Thread Rating:
  • 0 Vote(s) - 0 Average
  • 1
  • 2
  • 3
  • 4
  • 5
All the Rosetta images are finished
#1
and they're right here for quick full res view 

https://imagearchives.esac.esa.int/

all of them...

and there are some real doozies

make sure to select 'original size' on the image pages, they're all bigger than full screen.
On a satellite I ride. Nothing down below can hide.
Reply
#2
We never had images of a comet when my kids were growing up but my grandson will be in kindergarten in the fall.

To our generation Keith, comets were mysterious...

To the young folk,they will be places they see getting explored.

  Also   @ ESA Arrow




Earth's first mission to a binary asteroid, for planetary defence
June 26, 2018, European Space Agency


[Image: earthsfirstm.gif]
Hera measures Didymoon's size, shape and mass. Credit: European Space Agency
Planning for humankind's first mission to a binary asteroid system has entered its next engineering phase. ESA's proposed Hera mission would also be Europe's contribution to an ambitious planetary defence experiment.



Named for the Greek goddess of marriage, Hera would fly to the Didymos pair of Near-Earth asteroids: the 780 m-diameter mountain-sized main body is orbited by a 160 m moon, informally called 'Didymoon', about the same size as the Great Pyramid of Giza.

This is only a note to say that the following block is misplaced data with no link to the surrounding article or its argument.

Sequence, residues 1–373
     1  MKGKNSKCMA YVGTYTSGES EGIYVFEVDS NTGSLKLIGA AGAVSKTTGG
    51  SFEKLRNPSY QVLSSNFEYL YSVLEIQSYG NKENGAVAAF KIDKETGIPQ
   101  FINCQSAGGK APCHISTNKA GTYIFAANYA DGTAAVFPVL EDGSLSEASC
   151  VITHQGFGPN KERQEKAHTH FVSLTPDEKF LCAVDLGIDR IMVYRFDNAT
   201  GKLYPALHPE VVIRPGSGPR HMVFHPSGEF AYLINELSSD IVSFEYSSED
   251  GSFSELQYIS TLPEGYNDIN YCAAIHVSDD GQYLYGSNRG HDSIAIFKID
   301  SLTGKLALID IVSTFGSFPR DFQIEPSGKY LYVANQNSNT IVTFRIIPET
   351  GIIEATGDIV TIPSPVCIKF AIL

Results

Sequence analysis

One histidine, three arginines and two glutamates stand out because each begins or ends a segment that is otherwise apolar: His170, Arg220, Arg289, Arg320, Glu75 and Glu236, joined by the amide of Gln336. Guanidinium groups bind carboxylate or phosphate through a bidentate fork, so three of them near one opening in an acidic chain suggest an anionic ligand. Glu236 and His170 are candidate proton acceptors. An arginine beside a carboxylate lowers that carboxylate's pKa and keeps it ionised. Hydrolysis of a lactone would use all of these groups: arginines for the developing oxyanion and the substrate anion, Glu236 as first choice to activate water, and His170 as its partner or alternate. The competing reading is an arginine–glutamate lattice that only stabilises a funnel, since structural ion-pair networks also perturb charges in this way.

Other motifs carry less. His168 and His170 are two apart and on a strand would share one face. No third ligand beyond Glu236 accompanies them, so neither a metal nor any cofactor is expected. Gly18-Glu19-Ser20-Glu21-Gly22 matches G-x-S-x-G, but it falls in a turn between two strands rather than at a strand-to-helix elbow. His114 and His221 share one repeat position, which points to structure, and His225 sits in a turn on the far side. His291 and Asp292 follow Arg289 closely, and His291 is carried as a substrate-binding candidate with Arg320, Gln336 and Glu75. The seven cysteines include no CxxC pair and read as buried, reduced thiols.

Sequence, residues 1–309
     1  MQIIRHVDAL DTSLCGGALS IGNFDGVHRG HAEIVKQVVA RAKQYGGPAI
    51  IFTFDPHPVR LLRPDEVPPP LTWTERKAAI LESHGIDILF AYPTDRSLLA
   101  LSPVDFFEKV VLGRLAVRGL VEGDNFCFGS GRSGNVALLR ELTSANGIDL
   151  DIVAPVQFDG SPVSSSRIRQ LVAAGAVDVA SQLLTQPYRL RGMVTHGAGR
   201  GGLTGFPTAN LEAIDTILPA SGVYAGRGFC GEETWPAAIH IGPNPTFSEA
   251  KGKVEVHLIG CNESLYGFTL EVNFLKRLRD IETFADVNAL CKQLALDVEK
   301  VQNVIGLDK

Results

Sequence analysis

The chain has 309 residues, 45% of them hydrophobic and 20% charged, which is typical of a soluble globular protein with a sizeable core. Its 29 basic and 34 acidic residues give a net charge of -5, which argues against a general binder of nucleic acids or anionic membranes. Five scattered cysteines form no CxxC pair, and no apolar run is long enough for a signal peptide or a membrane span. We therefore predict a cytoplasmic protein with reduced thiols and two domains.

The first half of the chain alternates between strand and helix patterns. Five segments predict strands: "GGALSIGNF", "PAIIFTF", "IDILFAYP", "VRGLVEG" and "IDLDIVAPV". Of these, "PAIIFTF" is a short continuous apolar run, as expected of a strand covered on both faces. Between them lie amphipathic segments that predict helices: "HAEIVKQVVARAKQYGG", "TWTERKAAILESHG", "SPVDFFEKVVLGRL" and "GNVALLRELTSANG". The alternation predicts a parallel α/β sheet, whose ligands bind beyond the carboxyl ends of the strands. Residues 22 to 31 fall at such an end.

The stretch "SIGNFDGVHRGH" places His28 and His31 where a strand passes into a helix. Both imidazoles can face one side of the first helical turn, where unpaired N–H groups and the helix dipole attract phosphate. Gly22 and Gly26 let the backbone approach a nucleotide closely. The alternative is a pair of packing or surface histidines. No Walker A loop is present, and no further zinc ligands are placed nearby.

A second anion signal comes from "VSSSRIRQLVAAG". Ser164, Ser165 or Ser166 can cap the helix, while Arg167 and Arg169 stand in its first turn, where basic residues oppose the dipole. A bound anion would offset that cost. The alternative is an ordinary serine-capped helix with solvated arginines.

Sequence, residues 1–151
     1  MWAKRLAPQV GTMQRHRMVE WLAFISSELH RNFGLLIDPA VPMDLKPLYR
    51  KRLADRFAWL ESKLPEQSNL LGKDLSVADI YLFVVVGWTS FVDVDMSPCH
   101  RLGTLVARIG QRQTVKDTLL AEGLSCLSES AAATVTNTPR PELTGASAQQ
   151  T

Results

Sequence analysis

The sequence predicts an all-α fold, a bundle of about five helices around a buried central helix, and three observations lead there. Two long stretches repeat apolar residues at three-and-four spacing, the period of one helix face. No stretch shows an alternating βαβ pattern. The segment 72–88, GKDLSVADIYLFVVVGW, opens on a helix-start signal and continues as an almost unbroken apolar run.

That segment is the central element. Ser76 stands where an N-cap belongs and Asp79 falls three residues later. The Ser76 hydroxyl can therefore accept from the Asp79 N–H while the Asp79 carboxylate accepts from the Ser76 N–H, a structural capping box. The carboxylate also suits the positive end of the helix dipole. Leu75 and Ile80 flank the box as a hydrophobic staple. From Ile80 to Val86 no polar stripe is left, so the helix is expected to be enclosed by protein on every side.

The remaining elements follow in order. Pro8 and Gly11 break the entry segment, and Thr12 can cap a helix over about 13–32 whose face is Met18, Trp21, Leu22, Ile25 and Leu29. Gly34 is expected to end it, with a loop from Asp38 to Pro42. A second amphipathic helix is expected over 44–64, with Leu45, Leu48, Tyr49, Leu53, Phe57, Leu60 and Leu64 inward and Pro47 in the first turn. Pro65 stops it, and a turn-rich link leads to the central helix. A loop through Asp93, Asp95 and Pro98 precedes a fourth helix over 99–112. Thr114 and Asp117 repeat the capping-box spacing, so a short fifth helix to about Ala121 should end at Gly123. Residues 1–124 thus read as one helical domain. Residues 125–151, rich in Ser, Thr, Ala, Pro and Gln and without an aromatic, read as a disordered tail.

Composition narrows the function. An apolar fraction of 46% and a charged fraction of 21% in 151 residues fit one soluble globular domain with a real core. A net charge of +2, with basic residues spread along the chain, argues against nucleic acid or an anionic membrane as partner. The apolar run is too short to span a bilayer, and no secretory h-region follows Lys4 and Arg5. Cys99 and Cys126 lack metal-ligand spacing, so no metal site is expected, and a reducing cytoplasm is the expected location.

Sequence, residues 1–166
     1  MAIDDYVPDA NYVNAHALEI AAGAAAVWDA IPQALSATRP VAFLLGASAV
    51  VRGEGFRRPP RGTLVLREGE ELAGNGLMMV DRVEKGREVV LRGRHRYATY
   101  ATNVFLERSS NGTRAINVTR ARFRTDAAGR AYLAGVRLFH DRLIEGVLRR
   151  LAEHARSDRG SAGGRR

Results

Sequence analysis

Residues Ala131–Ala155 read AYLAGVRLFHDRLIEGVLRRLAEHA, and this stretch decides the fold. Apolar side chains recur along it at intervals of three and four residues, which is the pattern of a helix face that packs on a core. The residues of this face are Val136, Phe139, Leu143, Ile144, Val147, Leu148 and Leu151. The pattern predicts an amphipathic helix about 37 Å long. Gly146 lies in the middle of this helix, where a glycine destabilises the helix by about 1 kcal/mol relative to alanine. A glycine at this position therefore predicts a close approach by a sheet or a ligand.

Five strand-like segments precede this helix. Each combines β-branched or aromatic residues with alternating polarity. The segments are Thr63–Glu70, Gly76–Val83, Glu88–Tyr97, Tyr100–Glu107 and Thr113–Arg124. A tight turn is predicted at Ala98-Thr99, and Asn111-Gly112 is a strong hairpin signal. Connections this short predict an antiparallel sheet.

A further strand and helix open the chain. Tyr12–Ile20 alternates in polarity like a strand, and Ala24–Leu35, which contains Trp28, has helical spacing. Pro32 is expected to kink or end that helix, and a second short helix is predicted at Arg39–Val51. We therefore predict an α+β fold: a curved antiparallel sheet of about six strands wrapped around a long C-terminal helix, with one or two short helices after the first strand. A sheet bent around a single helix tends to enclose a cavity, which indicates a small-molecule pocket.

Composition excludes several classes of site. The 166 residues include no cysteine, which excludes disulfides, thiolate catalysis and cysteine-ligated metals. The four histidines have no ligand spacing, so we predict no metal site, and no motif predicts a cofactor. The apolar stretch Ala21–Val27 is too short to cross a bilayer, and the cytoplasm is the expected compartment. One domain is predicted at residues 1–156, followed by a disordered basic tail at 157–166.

"Such a binary asteroid system is the perfect testbed for a planetary defence experiment but is also an entirely new environment for asteroid investigations. Although binaries make up 15% of all known asteroids, they have never been explored before, and we anticipate many surprises," explains Hera manager Ian Carnelli.

"The extremely low-gravity environment also presents new challenges to the guidance and navigation systems. Fortunately we can count on the unique experience of ESA's Rosetta operations team which is an incredible asset for the Hera mission."

The smaller Didymoon is Hera's main focus: the spacecraft would perform high-resolution visual, laser and radio science mapping of the moon, which will be the smallest asteroid visited so far, to build detailed maps of its surface and interior structure.